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At The Movies: How to Sit Through How to Eat Fried Worms:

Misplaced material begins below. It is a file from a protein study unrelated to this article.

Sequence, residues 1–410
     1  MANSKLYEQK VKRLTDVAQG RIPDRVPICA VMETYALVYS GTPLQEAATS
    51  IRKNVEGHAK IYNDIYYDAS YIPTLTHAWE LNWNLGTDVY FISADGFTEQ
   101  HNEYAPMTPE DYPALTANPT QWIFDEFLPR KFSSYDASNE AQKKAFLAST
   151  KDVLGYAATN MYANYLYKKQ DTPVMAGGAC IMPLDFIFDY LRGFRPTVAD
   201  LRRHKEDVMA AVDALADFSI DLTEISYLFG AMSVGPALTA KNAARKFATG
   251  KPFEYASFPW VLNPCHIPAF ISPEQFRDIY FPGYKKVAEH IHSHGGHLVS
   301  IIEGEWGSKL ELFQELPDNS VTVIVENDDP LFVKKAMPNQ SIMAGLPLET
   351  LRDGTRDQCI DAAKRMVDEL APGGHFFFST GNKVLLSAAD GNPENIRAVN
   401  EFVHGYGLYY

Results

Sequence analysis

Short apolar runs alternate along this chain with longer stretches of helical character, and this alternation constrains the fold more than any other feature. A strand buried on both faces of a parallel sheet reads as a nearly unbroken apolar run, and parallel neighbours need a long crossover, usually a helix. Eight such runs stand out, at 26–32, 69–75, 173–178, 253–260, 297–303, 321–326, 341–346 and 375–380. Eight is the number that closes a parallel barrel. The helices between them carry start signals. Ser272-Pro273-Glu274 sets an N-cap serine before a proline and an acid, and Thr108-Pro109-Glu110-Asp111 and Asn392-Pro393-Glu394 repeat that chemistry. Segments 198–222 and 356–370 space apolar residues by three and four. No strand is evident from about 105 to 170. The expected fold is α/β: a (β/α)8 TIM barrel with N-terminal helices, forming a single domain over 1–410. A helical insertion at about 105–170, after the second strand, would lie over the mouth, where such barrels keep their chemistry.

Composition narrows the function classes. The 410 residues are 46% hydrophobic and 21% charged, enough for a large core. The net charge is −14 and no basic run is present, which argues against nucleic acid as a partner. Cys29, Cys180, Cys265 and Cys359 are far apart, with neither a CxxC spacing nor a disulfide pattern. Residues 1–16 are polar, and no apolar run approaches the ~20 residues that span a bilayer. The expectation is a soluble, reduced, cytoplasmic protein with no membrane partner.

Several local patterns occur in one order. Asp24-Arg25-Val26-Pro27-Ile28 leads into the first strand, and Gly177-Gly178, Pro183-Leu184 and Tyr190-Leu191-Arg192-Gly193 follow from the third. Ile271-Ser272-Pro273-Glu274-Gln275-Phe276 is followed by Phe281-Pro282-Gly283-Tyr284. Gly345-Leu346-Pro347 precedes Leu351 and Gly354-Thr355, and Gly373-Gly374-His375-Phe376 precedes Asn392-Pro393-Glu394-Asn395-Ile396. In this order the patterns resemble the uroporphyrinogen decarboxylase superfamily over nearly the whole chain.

“**”1/2  The 1973 Thomas Rockwell book, How to Eat Fried Worms, is full of great dialogue and vivid characters.  The 2006 film, sad to say, simply doesn’t hold up.  There is much to be admired in the story itself: outcast new kid takes on school bully; but the way it’s (lovingly) directed the cutesy kitsch overwhelms the film’s powerful message. How to Eat Fried Worms opens on the weak stomach of Billy (Luke Benward), an 11-year-old who get sick at the sight of his younger brother smearing burrito all over his face.  Billy pukes at the film’s outset, which isn’t supposed to be a good sign.  We find out he has just moved to a new town where he and his brother will have wholly different experiences of school life. His younger brother, for instance, goes to preschool where everyone still loves everyone else and no one gets teased or bullied the way they do in elementary school (it just gets worse and worse, doesn’t it?).  Billy, on the other hand, is targeted immediately for being “the new kid” and is the victim of a prank: someone replaces his soup with worms. Taunted by the school’s main bully, Joe Guier (Adam Hicks), Billy’s new nickname becomes “Worm Boy.”  Billy’s attempts to challenge the bully only get worse as Billy is chided into agreeing to eat ten fried worms.  Not only that, but he has to eat them all on Saturday before 7pm. The film is about those ten worms he has to eat – how and where and why he eats them eventually defines who he is and his place in the pecking order.  He is helped along by an evolved female, Erika (teased for being too tall) played by Hallie Kate Eisenberg (courageously battling the onset of adolescence with grace and charm).  With each worm he is forced to swallow, the bully Joe keeps changing the rules.  Why? Because he can.  No one has ever challenged him before.  First the worms are to be fried.  When that doesn’t work out, they’re mixed up with marshmallow and tuna and other disgusting items.  Still, Billy persists, swallowing whatever nastiness comes his way – becoming more and more empowered with each wiggly worm. It’s hard not appreciate what writer/director Bob Doleman is trying to do here: give victims another way of looking at bullies.  Kids are bullied at school all the time, and yet they never come forward to tell anyone (did you?). It’s also interesting that Doleman chose to film this as if it were in the 1970’s.  He doesn’t modernize it at all.  This is not a world of cell phones and computers, and it’s not a time in history when kids were entitled and over-indulged.  But unfortunately, the film’s impact is lessened because of the dumb camera tricks he plays and what comes off as forced “lightness” that ultimately sinks this movie. There is nothing nice about bullies.  To any 11-year-old they’re terrifying.  It’s getting over that irrational fear that sets you free.  This film seemed to want so much to be light and breezy so as not to put off any potential audience member that it lost a lot of its grit.  Eating worms, fried or otherwise, can’t be THAT easy.  It doesn’t ring true that Billy, with his notoriously weak stomach, would be able to control his barfing.  It doesn’t make for dramatic tension when the end is a foregone conclusion. Nonetheless, How to Eat Fried Worms is a good film for kids, especially boys and girls who don’t quite fit in.  Indeed, it is Eisenberg who steals the show with her dimples and her “boys are so weird” line.  Nice to see a child actor make it to the other side without incident.

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